Into x86 servers? Apple seeks 'upbeat and hard-working' hardware engineer
Strictly Intel and AMD for these hyperscale systems
Apple has tipped its hand by posting a job advert that reveals some details of the "next-generation" storage and server equipment it is building in its data centers.
The corporation has posted a cheery recruitment ad seeking to hire an "upbeat and hard-working hardware validation engineer to develop, implement, and complete hardware validation plans for Apple’s next generation Hyperscale and Storage Server platforms!"
The post points to the server hardware being powered by x86 processors, the very architecture Apple shunned for its PCs, which are moving to an in-house Arm-compatible architecture.
"We are looking for an engineer who has validated proficiency in testing Intel and/or AMD based server and storage hardware systems," the ad reads.
While Arm servers are emerging as an alternative, x86 chips generated over 90 per cent of server revenue in the second half of 2021, according to IDC.
Apple's "next-generation" server hardware points to upgrades in its data centers. Meta is deploying new servers based on AMD chips in data centers to power its metaverse future, and some cloud providers are upgrading infrastructure to support cloud gaming and 5G applications. Amazon and Google, meanwhile, said they are holding back at least some backend equipment upgrades for a year to save billions of dollars.
It's possible that Apple is working with AMD and/or Intel to build custom x86 server processors that would require specialized testing
It's hard to identify a particular application stack the next-generation Apple servers would be for, said Kevin Krewell, principal analyst at Tirias Research.
"I do think it's possible that Apple is working with AMD and/or Intel to build custom x86 server processors that would require specialized testing," he added.
It's worth noting that various Apple chip designers quit to form Nuvia after apparently asking to craft a homegrown server processor for the iCloud giant and being shot down by Steve Jobs and other executives. Now Nuvia, which wanted to produce Arm-based data center processors, is owned by Qualcomm, which wants to use the blueprints for personal devices.
Apple is providing more on-device processing capabilities for the likes of Siri – taking advantage of local processing power without having to shuttle everything to and from a remote server – though we can imagine data center hardware upgrades will be needed to provide backend services for markets Apple perhaps intends to enter, such as AR/VR and autonomous cars.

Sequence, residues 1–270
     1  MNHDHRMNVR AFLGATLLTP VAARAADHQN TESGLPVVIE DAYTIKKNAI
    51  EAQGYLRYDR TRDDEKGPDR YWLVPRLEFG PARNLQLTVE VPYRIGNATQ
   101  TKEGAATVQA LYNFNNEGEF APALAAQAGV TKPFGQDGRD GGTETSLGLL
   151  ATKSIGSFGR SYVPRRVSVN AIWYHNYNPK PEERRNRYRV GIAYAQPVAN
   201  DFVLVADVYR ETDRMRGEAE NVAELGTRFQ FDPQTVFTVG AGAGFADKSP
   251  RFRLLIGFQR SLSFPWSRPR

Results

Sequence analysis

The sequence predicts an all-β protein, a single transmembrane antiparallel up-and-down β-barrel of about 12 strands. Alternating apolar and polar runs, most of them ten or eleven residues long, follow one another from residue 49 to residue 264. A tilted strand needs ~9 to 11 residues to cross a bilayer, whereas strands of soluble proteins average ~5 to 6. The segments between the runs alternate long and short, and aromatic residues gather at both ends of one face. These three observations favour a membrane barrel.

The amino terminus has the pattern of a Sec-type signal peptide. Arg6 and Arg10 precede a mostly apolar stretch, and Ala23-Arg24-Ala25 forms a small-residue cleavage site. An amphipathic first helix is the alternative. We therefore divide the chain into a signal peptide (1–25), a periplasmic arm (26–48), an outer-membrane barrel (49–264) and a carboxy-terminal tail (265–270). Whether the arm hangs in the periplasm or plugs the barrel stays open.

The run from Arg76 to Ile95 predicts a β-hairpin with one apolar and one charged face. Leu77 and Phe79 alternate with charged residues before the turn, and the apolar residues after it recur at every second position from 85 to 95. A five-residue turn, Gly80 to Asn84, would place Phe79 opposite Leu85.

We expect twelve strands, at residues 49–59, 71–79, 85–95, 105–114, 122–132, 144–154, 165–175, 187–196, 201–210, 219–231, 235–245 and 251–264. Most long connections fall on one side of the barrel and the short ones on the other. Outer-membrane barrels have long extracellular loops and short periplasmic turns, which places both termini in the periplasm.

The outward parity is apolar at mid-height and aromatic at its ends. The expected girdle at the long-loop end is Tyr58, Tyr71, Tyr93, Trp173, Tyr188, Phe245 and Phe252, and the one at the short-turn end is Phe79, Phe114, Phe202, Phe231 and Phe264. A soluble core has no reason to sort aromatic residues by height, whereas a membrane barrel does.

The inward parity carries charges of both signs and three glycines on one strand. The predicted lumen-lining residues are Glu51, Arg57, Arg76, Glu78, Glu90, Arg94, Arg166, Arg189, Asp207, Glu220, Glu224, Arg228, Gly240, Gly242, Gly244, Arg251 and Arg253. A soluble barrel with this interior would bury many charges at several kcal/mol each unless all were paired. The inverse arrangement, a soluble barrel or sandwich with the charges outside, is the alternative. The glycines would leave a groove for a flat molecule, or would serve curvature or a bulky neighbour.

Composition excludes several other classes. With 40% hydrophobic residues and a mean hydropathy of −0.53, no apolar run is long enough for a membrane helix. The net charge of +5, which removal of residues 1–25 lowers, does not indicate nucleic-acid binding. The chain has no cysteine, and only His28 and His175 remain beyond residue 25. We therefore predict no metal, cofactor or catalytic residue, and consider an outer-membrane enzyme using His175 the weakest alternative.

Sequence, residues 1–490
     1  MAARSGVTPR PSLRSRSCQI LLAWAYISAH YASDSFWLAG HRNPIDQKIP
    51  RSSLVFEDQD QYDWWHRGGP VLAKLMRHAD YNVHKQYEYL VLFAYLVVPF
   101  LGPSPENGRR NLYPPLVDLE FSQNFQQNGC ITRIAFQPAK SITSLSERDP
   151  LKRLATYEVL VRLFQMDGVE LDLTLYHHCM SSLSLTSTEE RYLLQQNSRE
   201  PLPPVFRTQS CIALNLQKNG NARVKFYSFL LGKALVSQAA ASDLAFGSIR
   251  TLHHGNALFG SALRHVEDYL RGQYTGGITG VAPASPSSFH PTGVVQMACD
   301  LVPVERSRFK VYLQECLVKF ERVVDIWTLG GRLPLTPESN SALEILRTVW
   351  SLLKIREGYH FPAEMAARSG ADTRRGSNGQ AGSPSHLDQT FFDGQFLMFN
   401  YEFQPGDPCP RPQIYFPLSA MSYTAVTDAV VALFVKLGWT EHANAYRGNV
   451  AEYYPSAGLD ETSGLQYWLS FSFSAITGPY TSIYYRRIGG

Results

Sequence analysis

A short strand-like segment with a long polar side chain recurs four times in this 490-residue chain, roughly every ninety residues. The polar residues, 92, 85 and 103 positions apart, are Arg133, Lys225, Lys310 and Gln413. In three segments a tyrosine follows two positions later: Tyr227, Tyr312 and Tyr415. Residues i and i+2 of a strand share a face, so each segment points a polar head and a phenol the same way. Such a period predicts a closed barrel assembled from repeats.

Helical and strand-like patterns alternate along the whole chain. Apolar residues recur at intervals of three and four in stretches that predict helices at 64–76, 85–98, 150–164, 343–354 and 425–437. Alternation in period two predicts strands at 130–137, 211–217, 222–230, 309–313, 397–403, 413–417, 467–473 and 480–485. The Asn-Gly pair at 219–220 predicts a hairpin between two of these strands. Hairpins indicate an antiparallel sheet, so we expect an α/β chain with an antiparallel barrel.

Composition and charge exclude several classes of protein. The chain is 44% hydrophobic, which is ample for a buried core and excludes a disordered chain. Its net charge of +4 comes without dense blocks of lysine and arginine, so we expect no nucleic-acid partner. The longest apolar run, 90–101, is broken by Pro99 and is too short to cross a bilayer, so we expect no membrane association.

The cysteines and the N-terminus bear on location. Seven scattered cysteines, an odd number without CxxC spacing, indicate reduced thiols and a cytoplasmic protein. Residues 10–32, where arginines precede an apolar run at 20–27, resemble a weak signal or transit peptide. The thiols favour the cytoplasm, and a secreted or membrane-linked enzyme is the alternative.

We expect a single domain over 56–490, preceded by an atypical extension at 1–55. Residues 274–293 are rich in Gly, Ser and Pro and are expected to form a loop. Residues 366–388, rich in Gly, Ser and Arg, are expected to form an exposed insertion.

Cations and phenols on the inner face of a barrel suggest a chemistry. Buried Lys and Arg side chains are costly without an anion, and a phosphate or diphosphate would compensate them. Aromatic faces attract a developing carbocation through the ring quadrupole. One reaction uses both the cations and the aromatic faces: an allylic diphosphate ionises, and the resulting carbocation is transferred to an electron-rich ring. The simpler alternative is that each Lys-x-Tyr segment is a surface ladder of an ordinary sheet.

Incidentally, the iGiant last month posted a job opening for a radar specialist with experience in embedded controllers and Nvidia GPUs, which screams self-driving vehicles to us.
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Will Apple make its next-generation x86 servers available to customers? Not likely, but it could be made available through cloud service providers. Apple recently made its M1 Mac Mini with the ARM-powered M1 chip available on Amazon's cloud service.
Knowledge of Linux is a requirement in the server specialist job post. Apple's current data center hardware configuration remains a mystery; though it has used Unix-based IBM AIX and Sun Solaris servers in the past, it's assumed Linux is in wide use in its fleet.
Apple's last legitimate server product, the x86-based Xserve, was discontinued [PDF] in 2011 after the company shunned its enterprise focus and morphed into a consumer company with the iPad and iPhone. Apple, at the time, pointed consumers to move over to the Mac Pro, which had an Intel Xeon processor, or the Mac Mini, which had an Intel Core part. The systems could be used with Apple's MacOS X Snow Leopard server OS. ®